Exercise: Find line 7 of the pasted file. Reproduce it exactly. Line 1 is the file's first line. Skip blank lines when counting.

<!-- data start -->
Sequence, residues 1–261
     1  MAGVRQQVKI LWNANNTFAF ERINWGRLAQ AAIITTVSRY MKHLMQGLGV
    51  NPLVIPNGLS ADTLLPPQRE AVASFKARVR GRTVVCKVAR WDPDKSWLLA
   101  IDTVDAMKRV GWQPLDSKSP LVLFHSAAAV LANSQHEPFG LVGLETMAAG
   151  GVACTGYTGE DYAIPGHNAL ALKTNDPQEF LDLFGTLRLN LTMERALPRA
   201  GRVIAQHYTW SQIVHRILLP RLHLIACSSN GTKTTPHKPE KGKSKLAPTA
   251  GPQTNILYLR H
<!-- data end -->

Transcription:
   251  GPQTNILYLR H